We see the future of in-house dining as still unclear but we predict the Restaurant of the Future will have limited indoor seating. On the other hand, outdoor seating has been more successful. We see great potential to drive greater visit frequency and significant revenue by creating an outside seating experience which includes a small stage showing movies, individual entertainer, culinary presentation and more. Seating will be flexible tables that can seat a table of six or multiples of two. You can order and pay at the table with the table number acknowledged. Orders are brought out to the tables via “curbside seating.” Touchless trash, hand wash/sanitizer stations and more will focus on safety and sanitation. Heaters and misters will make this area usable most of the year.


Staffing and Roles

Doing more with less will be the mantra of the Restaurant of the Future. There cannot be excess staff and the team will need to be cross-trained to be able to execute with precision and efficiency. A great team member will be rewarded based upon station certifications and their level of productivity and adherence to brand culture.  With the elimination of order taking and payment, the operation becomes simpler. The layout of the restaurant will allow for opening and closing of stations based upon levels of business. A brand ambassador can be appointed for each shift to communicate with guests and staff, make sure that safety and sanitation are in play and fill in anywhere that there is a bottleneck. They will be certified in each station.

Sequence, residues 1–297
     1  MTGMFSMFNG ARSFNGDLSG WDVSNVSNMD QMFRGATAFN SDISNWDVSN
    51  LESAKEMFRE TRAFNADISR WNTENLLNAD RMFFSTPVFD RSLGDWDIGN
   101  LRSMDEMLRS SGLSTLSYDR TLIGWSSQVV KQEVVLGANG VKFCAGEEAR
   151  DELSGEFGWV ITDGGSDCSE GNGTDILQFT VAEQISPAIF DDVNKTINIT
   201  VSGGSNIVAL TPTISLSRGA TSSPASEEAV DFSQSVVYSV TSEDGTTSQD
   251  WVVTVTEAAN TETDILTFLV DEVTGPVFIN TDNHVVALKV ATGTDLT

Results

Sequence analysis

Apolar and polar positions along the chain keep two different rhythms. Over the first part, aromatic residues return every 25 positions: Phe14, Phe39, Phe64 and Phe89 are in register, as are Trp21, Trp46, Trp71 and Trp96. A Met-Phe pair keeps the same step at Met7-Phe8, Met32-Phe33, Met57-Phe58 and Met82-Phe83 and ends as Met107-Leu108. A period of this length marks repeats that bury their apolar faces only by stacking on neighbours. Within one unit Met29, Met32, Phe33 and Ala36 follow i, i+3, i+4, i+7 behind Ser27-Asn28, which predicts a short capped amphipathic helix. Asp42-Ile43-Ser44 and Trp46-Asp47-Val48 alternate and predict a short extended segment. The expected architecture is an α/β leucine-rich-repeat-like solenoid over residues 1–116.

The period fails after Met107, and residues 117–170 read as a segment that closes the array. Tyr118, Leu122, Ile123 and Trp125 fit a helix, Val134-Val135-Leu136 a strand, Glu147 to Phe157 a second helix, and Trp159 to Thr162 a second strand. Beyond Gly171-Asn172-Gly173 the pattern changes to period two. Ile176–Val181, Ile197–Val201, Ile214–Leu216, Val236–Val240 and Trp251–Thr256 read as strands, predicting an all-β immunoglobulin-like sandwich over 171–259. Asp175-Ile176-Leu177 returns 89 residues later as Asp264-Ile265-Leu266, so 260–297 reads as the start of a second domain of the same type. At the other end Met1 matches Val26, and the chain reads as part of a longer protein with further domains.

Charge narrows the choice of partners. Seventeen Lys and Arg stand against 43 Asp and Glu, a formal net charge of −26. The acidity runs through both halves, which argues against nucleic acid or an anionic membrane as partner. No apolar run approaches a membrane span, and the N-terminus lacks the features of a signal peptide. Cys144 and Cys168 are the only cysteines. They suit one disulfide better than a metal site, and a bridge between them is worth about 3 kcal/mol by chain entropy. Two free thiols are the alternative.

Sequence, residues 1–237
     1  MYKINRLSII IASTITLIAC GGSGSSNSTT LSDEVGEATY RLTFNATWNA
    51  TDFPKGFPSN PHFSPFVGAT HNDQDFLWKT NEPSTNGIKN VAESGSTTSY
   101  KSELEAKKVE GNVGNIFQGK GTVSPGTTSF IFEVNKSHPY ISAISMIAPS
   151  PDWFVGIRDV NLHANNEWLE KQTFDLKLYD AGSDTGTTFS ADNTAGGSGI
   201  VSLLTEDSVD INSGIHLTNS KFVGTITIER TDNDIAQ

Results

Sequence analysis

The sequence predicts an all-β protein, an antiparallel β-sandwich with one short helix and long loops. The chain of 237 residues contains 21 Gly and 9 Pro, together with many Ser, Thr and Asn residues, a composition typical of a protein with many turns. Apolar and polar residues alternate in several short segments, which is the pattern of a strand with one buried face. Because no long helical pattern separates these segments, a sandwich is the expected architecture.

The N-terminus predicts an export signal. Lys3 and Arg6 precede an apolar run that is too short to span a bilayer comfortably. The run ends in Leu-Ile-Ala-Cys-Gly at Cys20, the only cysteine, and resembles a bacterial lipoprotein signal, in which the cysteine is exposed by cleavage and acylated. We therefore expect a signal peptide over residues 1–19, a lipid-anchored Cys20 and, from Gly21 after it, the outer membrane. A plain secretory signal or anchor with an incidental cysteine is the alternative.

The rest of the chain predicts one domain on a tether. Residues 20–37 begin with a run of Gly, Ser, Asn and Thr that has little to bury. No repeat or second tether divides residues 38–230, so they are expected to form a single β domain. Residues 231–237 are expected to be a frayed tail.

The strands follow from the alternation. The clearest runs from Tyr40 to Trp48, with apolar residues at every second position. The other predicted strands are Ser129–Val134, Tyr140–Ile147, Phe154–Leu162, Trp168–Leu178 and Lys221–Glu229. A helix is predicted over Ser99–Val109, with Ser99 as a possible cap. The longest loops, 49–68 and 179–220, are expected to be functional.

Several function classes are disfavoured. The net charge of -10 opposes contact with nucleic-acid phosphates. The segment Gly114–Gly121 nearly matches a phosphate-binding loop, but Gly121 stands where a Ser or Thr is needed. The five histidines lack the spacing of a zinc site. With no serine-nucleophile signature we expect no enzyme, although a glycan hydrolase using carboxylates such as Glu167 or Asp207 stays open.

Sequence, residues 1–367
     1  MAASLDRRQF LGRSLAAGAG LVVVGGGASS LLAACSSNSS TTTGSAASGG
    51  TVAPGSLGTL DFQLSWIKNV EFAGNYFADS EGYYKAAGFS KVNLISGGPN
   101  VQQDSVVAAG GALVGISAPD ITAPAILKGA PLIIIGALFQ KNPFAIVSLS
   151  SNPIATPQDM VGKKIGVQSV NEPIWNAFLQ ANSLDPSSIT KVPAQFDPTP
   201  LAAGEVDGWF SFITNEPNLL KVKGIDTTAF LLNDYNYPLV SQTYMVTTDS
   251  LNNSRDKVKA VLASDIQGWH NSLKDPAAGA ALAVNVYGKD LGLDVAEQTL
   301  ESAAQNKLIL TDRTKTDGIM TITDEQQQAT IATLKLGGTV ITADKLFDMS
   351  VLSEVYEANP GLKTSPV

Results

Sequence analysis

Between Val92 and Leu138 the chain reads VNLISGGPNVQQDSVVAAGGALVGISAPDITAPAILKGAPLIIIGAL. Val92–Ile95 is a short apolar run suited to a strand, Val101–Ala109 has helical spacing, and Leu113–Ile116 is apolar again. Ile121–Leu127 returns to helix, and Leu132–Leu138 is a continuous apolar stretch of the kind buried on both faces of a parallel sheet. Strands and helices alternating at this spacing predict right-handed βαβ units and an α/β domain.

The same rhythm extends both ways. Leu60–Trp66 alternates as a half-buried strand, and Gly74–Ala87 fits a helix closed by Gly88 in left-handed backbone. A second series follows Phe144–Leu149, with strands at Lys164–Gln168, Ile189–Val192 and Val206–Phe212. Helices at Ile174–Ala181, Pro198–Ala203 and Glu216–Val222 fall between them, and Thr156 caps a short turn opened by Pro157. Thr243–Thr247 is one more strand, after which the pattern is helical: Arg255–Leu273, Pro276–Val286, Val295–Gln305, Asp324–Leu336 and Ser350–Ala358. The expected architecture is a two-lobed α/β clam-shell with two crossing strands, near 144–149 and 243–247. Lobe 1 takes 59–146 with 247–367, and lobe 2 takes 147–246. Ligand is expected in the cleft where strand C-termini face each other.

Safety and Sanitation

Safety and Sanitation will need to come first if a restaurant is to be successful. The consumer will dictate it and it will become a key element in their choice of a restaurant regardless of the quality of the food and service. Handwashing/sanitizer stations will be easily accessible for both customers and employees. Keeping everything touchless will limit the possibility of safety issues. Getting lax on safety and sanitation will have a tremendous negative impact. Processes and procedures including a cultural component will be required. Using proper chemicals and disinfecting regularly is paramount. Telling the story of safety and sanitation will also be an important element of an operator’s success.


Addition of Technology. There is now technology to monitor hand washing of employees as well as other cleaning processes to ensure that compliance is being met.